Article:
What do your A level mathematics lessons look like?
When studying for my A levels, especially in mathematics, lessons usually followed a set routine. New information and examples were written up on the board to be copied down, then using the methods presented at the beginning of the lesson, the class set about attempting to solve a series of similar problems from the textbook. Often, this monotonous way of learning meant I struggled to engage within the content of the lessons.
As a PGCE student, I received my first experience of teaching A level. After observing Year 12 mechanics lessons for a few weeks, I tried my hand at marrying the ‘suvat’ equations to distance-time graphs within those classes, and had limited success. As a Newly Qualified Teacher (NQT) a few months later, I was teaching a Year 13 A level statistics class. I have fond memories of those first classes. As a new teacher, I enjoyed the different challenges they posed and seeing the response of my students.
At the end of the year I judged the experience as a success. I had developed great relationships with my students who appeared to take the exam season in their stride, having worked through all the chapters and exercises in the textbook, and I had guided the class through an impressive amount of past paper questions.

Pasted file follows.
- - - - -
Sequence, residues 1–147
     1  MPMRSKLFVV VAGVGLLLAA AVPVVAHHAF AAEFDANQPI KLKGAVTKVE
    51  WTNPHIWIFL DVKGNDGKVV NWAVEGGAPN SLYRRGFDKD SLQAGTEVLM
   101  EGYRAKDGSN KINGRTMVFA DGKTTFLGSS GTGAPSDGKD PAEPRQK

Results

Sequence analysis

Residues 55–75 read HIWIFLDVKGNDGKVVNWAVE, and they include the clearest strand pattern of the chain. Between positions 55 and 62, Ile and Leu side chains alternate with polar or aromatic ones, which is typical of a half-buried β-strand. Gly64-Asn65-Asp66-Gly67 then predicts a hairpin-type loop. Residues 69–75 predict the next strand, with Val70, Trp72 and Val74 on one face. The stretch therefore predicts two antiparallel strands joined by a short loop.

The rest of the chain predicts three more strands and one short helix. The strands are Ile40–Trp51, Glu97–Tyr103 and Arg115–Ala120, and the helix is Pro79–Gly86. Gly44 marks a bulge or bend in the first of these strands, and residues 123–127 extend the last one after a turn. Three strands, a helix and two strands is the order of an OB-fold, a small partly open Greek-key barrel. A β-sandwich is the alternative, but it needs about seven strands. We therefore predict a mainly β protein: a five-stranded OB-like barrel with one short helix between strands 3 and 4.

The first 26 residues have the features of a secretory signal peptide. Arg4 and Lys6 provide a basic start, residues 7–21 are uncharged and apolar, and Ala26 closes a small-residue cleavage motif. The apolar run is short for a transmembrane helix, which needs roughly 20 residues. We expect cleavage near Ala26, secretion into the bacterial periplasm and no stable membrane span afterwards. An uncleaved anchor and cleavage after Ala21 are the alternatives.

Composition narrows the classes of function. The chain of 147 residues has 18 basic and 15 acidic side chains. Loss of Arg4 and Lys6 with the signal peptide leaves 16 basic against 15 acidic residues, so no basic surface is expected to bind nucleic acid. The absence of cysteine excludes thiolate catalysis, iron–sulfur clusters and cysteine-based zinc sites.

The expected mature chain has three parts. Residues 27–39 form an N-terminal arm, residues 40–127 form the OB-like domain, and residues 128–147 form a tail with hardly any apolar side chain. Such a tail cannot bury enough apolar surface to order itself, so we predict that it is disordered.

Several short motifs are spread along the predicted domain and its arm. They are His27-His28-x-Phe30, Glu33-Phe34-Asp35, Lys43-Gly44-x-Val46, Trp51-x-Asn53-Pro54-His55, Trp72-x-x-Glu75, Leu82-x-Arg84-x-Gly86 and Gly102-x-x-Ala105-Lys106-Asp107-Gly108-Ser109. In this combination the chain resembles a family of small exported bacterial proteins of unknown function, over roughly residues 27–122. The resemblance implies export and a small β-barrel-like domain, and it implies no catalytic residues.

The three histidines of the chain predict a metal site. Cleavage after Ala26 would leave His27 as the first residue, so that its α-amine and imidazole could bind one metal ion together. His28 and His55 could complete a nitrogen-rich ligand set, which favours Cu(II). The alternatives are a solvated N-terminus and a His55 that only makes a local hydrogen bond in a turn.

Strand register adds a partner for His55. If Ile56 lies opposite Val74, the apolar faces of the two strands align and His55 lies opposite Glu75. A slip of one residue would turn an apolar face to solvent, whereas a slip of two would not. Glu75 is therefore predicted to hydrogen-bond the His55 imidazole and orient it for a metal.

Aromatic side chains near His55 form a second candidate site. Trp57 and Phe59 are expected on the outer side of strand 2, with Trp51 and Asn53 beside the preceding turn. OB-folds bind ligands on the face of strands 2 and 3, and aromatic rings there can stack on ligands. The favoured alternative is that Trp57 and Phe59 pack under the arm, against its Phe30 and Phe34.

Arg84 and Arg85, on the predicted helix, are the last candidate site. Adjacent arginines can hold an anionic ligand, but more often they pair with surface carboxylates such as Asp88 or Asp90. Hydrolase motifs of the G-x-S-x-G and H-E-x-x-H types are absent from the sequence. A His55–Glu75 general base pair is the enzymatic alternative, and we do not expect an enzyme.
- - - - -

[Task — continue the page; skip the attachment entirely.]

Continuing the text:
However, I had developed a teaching style that was similar to the one I had received as a student, rather than developing a range of engaging, active learning strategies. Mathematics A level lessons have the difficulty of being mixed ability compared with key stages 3 and 4. I felt my teaching style didn’t meet this challenge.
Throughout my teaching career, I am constantly on the lookout for ideas and strategies that would help improve my teaching and engage my students. The best way I found to improve my teaching as an inexperienced teacher, was to discover and trial a range of skills and techniques to aid teaching A level mathematics.
The National STEM Learning Centre is offering a ‘New to teaching A level mathematics summer school’ that has been specifically developed to aid teachers who are moving into the realms of teaching A level mathematics or are recently qualified and starting their A level teaching journey.
Need a better idea of the activity? The video below gives you all the information you need to know.